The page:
Dakotaraptor a Giant Raptor

Dakotaraptor steini and Niche Partitioning

An international research team which included scientists from the University of Kansas, Pete Larson (Black Hills Institute of Geological Research) and Bob Bakker (Houston Museum of Science and Nature) , have finally solved a hundred year mystery with the describing of a very large dromaeosaurid from fluvial deposits that form part of the famous Hell Creek Formation exposed in South Dakota.  Teeth, very typical of a dromaeosaurid, had been found in the Late Maastrichtian deposits indicating the presence of a very large “raptor”, however, no bones to link to the teeth were known.  However, a paper published in “Paleontological Contributions” describes Dakotaraptor (D. steini) and a new super-sized Dromaeosaur has been introduced to the world.

Dakotaraptor – A Fearsome Predator

Dakotaraptor steini

Dakotaraptor steini

Picture Credit: Emily Willoughby

At an estimated five and half metres in length, this new meat-eating dinosaur, known from fragmentary remains representing two individuals fills a niche within the food web of the fauna represented by the vertebrate fossils associated with the famous Hell Creek Formation.  A number of small Theropods are known as well as the super-sized Tyrannosaurs such as T. rex.  Dakotaraptor represents a sort of “halfway house” when it comes to the carnivores associated with Hell Creek.  Its limbs and body are very similar to the smaller dromaeosaurids known from this part of the world, dinosaurs such as Dromaeosaurus, (the first dromaeosaurid ever described), Saurornitholestes, and the recently named Acheroraptor but proportionately much larger.  Dakotaraptor was one “raptor” that actually did grow to be as big as the “Velociraptors” featured in the Jurassic Park franchise.

Commenting on the size and scale of Dakotaraptor, co-author of the publication and Kansas University palaeontologist, David Burnham said:

“This new predatory dinosaur also fills the body size gap between smaller Theropods and large Tyrannosaurs that lived at this time.”

The fossils were found in 2005, lead author of the research, Robert DePalma, (curator of vertebrate palaeontology at the Palm Beach Museum of Natural History) led the field expedition to Harding County (South Dakota) where the specimens were located.  At the time, he was a graduate student studying under former Kansas University professor and curator Larry Martin, who sadly passed away in 2014.

He explained:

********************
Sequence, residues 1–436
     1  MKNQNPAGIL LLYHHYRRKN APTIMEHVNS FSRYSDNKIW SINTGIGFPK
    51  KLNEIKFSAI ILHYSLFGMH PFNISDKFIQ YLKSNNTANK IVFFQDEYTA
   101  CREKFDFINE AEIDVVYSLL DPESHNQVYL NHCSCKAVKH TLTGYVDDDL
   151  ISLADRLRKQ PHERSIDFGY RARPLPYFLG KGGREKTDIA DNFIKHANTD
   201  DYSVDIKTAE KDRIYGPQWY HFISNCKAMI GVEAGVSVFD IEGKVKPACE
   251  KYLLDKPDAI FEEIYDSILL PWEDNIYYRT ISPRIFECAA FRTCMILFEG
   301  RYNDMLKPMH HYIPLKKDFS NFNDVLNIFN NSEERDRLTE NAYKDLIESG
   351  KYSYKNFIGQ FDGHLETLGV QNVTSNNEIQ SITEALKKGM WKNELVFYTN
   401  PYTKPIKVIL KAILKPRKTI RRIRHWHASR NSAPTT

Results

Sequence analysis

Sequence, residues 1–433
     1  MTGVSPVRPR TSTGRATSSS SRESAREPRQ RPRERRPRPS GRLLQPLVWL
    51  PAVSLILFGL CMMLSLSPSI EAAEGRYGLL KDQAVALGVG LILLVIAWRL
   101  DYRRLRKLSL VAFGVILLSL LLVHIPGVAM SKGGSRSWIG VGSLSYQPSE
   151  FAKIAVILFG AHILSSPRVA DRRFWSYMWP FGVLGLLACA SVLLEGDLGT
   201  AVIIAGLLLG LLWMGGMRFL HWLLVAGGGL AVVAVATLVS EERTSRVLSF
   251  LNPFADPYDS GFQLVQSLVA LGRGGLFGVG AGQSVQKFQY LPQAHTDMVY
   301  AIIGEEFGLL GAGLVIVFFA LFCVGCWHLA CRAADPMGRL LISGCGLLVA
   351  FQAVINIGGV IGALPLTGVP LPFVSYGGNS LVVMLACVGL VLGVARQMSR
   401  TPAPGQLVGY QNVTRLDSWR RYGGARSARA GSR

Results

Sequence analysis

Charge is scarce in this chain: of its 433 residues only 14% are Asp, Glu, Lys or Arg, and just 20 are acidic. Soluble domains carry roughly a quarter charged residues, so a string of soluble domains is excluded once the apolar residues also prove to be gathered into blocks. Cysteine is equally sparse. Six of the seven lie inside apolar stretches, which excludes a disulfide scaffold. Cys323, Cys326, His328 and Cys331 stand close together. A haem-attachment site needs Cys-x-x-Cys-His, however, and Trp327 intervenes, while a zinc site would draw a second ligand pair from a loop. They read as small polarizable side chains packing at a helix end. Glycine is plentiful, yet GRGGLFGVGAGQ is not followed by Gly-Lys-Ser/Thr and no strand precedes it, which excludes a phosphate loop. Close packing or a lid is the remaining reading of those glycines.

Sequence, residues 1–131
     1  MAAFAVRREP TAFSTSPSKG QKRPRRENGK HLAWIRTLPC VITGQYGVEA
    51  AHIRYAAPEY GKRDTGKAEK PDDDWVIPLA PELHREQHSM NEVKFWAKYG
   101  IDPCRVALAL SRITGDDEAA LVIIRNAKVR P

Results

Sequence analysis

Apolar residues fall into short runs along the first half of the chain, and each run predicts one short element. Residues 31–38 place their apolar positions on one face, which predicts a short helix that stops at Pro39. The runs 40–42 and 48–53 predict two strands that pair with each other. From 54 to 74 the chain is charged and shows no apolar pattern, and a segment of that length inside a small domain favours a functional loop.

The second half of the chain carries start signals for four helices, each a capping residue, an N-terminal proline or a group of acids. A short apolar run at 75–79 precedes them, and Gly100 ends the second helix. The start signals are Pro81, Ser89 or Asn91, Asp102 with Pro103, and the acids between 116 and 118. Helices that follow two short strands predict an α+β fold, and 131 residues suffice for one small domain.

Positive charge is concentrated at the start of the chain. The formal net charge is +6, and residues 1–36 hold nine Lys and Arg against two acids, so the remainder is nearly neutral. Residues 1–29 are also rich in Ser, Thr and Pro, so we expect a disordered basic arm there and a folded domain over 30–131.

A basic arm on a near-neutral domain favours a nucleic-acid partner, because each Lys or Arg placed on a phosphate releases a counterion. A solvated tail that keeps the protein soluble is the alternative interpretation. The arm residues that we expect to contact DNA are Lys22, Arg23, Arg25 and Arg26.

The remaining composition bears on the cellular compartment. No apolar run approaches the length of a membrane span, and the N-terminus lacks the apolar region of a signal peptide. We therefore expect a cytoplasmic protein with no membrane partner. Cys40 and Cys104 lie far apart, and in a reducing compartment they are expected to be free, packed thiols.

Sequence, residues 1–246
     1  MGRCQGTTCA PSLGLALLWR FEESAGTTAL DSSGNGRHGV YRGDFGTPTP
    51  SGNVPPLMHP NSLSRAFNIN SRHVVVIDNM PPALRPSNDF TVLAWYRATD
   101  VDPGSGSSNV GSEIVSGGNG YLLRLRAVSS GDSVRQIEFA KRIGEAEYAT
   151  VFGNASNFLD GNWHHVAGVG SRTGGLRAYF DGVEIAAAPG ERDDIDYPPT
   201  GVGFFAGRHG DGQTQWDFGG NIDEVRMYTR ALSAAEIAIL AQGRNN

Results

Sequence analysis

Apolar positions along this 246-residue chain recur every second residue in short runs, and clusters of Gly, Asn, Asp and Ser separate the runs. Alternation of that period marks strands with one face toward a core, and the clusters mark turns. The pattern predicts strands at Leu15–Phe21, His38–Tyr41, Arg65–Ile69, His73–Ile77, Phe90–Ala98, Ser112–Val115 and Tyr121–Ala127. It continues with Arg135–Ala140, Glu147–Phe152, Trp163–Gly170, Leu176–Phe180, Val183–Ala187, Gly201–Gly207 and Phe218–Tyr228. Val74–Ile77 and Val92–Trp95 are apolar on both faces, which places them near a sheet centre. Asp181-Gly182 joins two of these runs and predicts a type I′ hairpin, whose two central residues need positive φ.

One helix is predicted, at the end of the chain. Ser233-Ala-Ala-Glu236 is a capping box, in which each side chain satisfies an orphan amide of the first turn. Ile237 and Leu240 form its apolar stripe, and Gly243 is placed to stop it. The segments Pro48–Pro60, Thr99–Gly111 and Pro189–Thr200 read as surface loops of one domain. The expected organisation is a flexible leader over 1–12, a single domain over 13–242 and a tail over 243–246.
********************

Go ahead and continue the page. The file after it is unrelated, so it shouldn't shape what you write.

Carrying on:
“This Cretaceous period raptor would have been lightly built and probably just as agile as the vicious smaller Theropods such as Velociraptor.”

In addition to being roughly the size of the iconic “Raptors” from Jurassic Park, there are two very exciting skeletal features preserved in Dakotaraptor.  The paper describes a massive dromaeosaur sickle claw on the middle toe.  It measures 16 cm from top to bottom and 24 cm along the outer curve.  This was an impressively large raptorial claw, even for an animal this size.  The ulna, a bone in the forearm, bares 15 large and distinct quill knobs, or ulnar papillae, which are reinforced attachment points on the wings of birds and other dinosaurs where the large, pennaceous feathers attach.  This makes Dakotaraptor the largest known dinosaur with confirmed wings.

Reconstructed Dakotaraptor Wing and Proposed Plumage

The "wings" of Dakotaraptor.

The “wings” of Dakotaraptor.

Picture Credit: Robert DePalma

Dakotaraptor may not have competed directly with adult Tyrannosaurs.  Perhaps it adopted a different hunting strategy or specialised in attacking a different sort of prey.  By doing this it would have avoided direct competition between it and other large predatory dinosaurs. This is an example of niche partitioning.

When asked by Everything Dinosaur about this particular aspect of the research, Robert DePalma explained:

“Niche partitioning is a given, Dakotaraptor had to occupy a distinct ecological niche.  If it coexisted with the other large predators, had the same herbivores available to them, and did not out compete each other to extinction, then there had to be different strategies going on.”

Everything Dinosaur acknowledges the assistance of Kansas University and Robert DePalma in the compilation of this article.

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